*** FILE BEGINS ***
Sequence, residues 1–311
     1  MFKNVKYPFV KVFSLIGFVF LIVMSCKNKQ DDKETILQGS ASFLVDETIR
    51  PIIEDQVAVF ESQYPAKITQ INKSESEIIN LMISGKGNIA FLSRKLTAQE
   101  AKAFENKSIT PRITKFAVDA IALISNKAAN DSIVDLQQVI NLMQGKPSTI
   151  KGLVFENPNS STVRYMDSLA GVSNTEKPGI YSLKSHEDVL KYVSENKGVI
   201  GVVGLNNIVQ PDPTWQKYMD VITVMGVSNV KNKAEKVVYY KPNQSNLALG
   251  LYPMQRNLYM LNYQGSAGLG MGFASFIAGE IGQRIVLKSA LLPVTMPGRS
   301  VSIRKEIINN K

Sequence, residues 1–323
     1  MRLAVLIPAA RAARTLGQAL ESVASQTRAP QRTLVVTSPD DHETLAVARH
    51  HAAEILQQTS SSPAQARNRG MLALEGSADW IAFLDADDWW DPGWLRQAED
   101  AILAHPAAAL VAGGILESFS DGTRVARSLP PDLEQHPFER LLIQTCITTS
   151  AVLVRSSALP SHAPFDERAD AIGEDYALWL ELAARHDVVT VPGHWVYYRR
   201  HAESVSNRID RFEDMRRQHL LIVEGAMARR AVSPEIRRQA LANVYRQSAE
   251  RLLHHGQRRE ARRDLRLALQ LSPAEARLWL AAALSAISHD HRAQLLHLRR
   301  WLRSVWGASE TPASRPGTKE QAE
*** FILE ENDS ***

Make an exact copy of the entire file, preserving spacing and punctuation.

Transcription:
Sequence, residues 1–311
     1  MFKNVKYPFV KVFSLIGFVF LIVMSCKNKQ DDKETILQGS ASFLVDETIR
    51  PIIEDQVAVF ESQYPAKITQ INKSESEIIN LMISGKGNIA FLSRKLTAQE
   101  AKAFENKSIT PRITKFAVDA IALISNKAAN DSIVDLQQVI NLMQGKPSTI
   151  KGLVFENPNS STVRYMDSLA GVSNTEKPGI YSLKSHEDVL KYVSENKGVI
   201  GVVGLNNIVQ PDPTWQKYMD VITVMGVSNV KNKAEKVVYY KPNQSNLALG
   251  LYPMQRNLYM LNYQGSAGLG MGFASFIAGE IGQRIVLKSA LLPVTMPGRS
   301  VSIRKEIINN K

Sequence, residues 1–323
     1  MRLAVLIPAA RAARTLGQAL ESVASQTRAP QRTLVVTSPD DHETLAVARH
    51  HAAEILQQTS SSPAQARNRG MLALEGSADW IAFLDADDWW DPGWLRQAED
   101  AILAHPAAAL VAGGILESFS DGTRVARSLP PDLEQHPFER LLIQTCITTS
   151  AVLVRSSALP SHAPFDERAD AIGEDYALWL ELAARHDVVT VPGHWVYYRR
   201  HAESVSNRID RFEDMRRQHL LIVEGAMARR AVSPEIRRQA LANVYRQSAE
   251  RLLHHGQRRE ARRDLRLALQ LSPAEARLWL AAALSAISHD HRAQLLHLRR
   301  WLRSVWGASE TPASRPGTKE QAE